I had a couple of questions though- regarding the recent influx of Russians. How is the situation there with regards to accommodation- i did a cursory check on websites like booking.com and hostelworld, the options seem to be severely limited atleast in cities like Almaty and Nur-Sultan. Second, is their presence in such large number a cause for concern for tourists- i mean most of them would be short on cash and resources and i sympathize with their situation to some extent, but have there been any reported instances of thefts/robberies on tourists/locals by these newly arrived guests (as per your interactions with locals and with the new migrants- if you could).

Thank you!
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sebhoff
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Re: Some random tips and observations for travellers to Kazakhstan

Post by sebhoff »

I had booked all accommodation via booking.com weeks in advance (with an option to cancel if my plans were to change). All hotels/guesthouses had the right room ready for me - no problems at all. I did usually write to them a day in advance to confirm my arrival.
Yes, the Russians are everywhere. I talked to a few on the train. Some knew where they wanted to go while others seemed clueless. I did not hear about any issues with them and I didn’t see anything I felt was problematic. I suppose what you’re describing could become more of an issue over time - but I simply don’t know… The locals seem to have mixed feelings about them. I did not witness any interactions that suggested major tensions.
Sebastian
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Ian Sp
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Re: Some random tips and observations for travellers to Kazakhstan

Post by Ian Sp »

Hi
thanks for the detailed report. i am doing a look Kaz-Uzb-Taj-Kry (inl Osh to Bishke) then back to Almaty

I am on an Australian passport and can get a visa free entry for 30 days. I was wondering if you where traveling on an e-visa or a a visa free entry and id you have any issues crossing borders?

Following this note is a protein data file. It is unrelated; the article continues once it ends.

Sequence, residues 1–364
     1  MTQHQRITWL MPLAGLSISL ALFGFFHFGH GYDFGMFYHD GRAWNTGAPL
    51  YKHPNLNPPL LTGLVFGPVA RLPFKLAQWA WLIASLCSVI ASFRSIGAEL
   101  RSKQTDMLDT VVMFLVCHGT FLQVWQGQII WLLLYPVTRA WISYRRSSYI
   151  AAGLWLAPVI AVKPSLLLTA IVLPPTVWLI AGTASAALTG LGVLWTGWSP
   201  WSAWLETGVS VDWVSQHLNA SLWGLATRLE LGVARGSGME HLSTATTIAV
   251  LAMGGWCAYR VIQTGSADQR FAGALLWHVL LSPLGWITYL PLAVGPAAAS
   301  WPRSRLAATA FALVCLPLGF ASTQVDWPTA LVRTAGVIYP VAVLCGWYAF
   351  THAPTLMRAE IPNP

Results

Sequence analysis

Also did you go on to Kyrgyzstan overland via OSH to Bishkek after Tajikistan and what was your experience like?
Ian S
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sebhoff
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Re: Some random tips and observations for travellers to Kazakhstan

Post by sebhoff »

I flew into Bishkek and left again from Tashkent. In between, I did 6500km by train: Bishkek - Karaganda - Astana - Uralsk - Aktobe - Turkestan - Shymkent - Almaty - Tashkent, so both border crossings were on a train. My German passport means I don't need a visa for any of the three countries. I also travelled across Russian territory twice (for about 150km), between Aktobe and Uralsk, on the fast Talgo trains that don't stop inside Russia - so no visa is required. This would be different if you took one of the slower trains...
There were no issues at the border, apart from the waste of time described in my original post.
Sebastian
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Kekly
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Re: Some random tips and observations for travellers to Kazakhstan

Post by Kekly »

I've been in and out of Kaz over the past couple of months and have been here almost 60 days in total now. I know nothing about needing to register phone IMEI here. I don't think that's an issue.

But I did get a text message to my new sim when I was in Uzbekistan that said I needed to register my phone. I'm about to head there tomorrow and it will be more than 30 days since I was there so it will be interesting to see if I can get another sim and if it works ok.

Kaspi app is king here. I had issues with the lack of cash and small change in Kaz initially. But have worked out that I use big notes at the Bazaar where they seem to have lots of change. The big supermarkets always struggle to give me change. You definitely need to have the right coins for a taxi as they rarely carry much cash.